The staff at Office for Coastal Management get a lot of technical questions and provide a lot of answers, but those answers don’t generally get published even if they might be common issues.  Sounds like material for a big page of frequently asked questions.  However, a big FAQ doesn’t allow other people to add comments, clarifications, or new ideas.  In addition, there are times when we’d like to put some ideas out there for the community to chew on without requiring or implying the corporate seal of approval.

After thinking about a number of options, like the aforementioned FAQ, forum, or listserve, we’ve decided to go with a blog. We think the blog offers the flexibility we’re looking for and we’re willing to dive in and give it a try.  So, what will this look like and what are the rules of the game?

We expect there will be a number of different authors of blog posts covering a range of topics.  Many of the topics will be in some way geospatial, including programming tricks and trends for dealing with geospatial data, but we’ll also delve into broader areas.  Authors will be identified individually so you’ll know where to start if you want to contact us on a topic.  Posts will have some basic spelling and grammar checks, but don’t expect the kind of polish you would find in our usual outreach material (we’d never get a post finished).  We also look for some interesting posts from outside the organization too, including from partner organizations and other federal agencies.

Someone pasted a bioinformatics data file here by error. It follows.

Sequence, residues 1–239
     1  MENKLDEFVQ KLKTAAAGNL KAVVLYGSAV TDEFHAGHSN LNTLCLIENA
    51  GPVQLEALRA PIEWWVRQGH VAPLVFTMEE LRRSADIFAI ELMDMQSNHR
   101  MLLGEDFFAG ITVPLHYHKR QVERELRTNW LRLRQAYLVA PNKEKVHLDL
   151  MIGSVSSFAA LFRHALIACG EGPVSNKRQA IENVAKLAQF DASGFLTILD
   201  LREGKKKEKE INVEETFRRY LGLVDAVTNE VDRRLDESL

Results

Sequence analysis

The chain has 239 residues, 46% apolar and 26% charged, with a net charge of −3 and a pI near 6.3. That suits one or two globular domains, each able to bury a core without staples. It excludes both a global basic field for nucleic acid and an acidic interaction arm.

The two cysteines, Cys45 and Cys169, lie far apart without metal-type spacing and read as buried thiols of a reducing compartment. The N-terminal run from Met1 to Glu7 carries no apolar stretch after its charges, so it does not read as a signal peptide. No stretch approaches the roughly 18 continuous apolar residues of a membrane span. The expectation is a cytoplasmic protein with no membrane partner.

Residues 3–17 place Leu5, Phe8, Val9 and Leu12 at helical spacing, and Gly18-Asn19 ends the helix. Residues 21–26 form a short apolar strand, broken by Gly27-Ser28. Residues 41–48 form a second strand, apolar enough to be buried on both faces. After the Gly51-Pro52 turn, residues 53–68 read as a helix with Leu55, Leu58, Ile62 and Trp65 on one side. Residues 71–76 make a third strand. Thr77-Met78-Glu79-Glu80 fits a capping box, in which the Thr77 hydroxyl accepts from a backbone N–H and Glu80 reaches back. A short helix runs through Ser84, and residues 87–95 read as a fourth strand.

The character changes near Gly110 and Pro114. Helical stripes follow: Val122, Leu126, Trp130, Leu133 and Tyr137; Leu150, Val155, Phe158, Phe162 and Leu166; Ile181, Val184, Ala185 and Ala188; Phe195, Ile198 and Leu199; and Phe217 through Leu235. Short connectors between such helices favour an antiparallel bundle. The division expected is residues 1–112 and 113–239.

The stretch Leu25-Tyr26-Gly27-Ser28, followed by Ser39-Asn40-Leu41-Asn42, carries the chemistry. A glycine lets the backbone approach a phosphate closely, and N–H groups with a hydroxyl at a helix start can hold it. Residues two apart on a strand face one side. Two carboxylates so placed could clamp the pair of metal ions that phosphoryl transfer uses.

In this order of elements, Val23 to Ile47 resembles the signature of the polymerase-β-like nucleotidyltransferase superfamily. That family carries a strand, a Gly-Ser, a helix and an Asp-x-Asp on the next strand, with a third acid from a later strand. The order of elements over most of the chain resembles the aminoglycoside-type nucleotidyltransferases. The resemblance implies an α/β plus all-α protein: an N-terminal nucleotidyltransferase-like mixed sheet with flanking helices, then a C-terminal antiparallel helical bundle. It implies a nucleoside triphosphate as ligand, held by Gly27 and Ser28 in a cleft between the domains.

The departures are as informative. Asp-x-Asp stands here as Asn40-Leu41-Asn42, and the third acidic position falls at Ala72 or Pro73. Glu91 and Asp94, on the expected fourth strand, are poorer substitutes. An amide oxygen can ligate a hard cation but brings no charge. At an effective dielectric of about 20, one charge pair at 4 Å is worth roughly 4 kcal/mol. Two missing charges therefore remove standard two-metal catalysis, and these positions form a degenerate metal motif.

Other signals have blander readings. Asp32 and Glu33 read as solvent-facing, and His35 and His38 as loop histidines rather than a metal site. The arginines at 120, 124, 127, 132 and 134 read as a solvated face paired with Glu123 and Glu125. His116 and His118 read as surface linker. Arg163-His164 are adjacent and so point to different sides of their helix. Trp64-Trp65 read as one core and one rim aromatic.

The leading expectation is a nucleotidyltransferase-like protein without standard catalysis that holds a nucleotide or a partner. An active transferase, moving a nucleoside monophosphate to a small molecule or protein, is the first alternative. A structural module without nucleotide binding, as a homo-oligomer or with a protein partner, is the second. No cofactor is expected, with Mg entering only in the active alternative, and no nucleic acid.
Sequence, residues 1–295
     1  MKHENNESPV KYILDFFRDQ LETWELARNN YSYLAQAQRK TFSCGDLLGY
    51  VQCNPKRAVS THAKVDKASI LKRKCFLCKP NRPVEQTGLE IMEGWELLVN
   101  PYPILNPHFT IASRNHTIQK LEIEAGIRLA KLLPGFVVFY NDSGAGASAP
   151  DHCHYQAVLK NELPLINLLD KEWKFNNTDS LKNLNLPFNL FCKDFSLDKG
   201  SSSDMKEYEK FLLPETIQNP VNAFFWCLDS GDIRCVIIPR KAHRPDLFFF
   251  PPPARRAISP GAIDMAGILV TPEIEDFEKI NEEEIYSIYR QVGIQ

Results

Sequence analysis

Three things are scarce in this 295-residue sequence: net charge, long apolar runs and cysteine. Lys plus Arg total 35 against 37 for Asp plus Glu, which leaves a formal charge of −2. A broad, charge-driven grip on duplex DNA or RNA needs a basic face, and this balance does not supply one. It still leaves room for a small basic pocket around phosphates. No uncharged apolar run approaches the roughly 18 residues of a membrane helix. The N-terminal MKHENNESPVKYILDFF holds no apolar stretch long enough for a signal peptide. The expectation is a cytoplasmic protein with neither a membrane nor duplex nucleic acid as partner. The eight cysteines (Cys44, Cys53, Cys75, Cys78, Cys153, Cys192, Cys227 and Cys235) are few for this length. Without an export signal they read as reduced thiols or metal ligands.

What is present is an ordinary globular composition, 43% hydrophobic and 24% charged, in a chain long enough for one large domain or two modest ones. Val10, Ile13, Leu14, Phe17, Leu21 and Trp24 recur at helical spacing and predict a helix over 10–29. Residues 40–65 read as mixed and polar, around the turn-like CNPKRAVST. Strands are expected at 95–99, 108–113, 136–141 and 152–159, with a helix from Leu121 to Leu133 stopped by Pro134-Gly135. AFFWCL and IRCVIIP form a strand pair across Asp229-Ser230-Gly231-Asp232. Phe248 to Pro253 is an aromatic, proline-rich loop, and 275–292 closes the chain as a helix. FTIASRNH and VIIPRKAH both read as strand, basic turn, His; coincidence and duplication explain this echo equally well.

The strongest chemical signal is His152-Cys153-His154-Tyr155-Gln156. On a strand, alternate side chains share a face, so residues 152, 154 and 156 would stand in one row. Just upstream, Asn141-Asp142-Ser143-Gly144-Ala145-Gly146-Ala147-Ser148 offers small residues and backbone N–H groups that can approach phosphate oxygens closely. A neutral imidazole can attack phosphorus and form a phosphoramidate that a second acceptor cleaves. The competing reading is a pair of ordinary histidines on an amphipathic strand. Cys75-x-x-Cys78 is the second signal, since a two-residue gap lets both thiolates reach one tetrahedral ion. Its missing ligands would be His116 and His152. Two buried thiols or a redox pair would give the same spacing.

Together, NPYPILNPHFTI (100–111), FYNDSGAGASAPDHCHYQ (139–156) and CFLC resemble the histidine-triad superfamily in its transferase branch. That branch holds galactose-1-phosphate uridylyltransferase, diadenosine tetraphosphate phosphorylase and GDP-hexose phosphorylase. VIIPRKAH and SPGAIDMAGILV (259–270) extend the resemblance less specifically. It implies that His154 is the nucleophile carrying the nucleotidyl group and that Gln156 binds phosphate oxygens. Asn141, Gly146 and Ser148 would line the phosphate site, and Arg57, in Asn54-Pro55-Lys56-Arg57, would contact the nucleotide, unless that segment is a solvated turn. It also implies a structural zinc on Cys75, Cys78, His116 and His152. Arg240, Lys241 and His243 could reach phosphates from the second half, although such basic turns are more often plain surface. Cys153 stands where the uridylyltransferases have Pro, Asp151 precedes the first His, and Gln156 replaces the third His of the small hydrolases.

You’re encouraged to provide comments.  Especially comments that add to the discussion or let us know of topics you’d like to see discussed.  Since we’re a government site, we’ll have to have some sort of moderation to eliminate inappropriate posts.  Civil discussion is appropriate regardless of whether or not it agrees with blog, as long as it is on topic.  All the topics should be of some technical nature, so that shouldn’t be a difficult bar to get over.

Hope you’ll be joining us.

This site is owned by the National Oceanic and Atmospheric Administration‘s Office for Coastal Management and is part of the Digital Coast. Contact us at coastal.info@noaa.gov.


  1. What are some really great paying coastal jobs out there? Ones that provide an office atmosphere mixed with a physical atmosphere along the coast?


    • Kellin,
      There are lots of great jobs in the coastal zone. Far too many to create a comprehensive list. You may want to think about what sector of the economy you’re interested in and examine its attributes in the coastal zone using the Economics National Ocean Watch Explorer (coast.noaa.gov/enowexplorer).


  2. Hi, When I first came to this website there was a nice write up of the limitations and notes regarding to what the data may, or may not be, suited. Once we click on the website this information disappears, and I could not find it again. I was hoping that the next time I visited this “disclaimer” page would reappear, but it didn’t. It is very important that end-users can refer to the limitations of any dataset, and I would like to again. Where is this information available on the website, or how can I navigate back to that opening page?
    Thank you.


    • J,
      You may have to help me out a little with what pages brought you to this one. This “about” page is just about the GeoZone blog, not the entire Digital Coast. It sounds like you came from a page on the Digital Coast that described a data set or a collection of data sets. In that case, you may be looking for something under http://coast.noaa.gov/dataregistry. Can you tell me what type of data it was? I may be able to give a better answer.

      – Kirk


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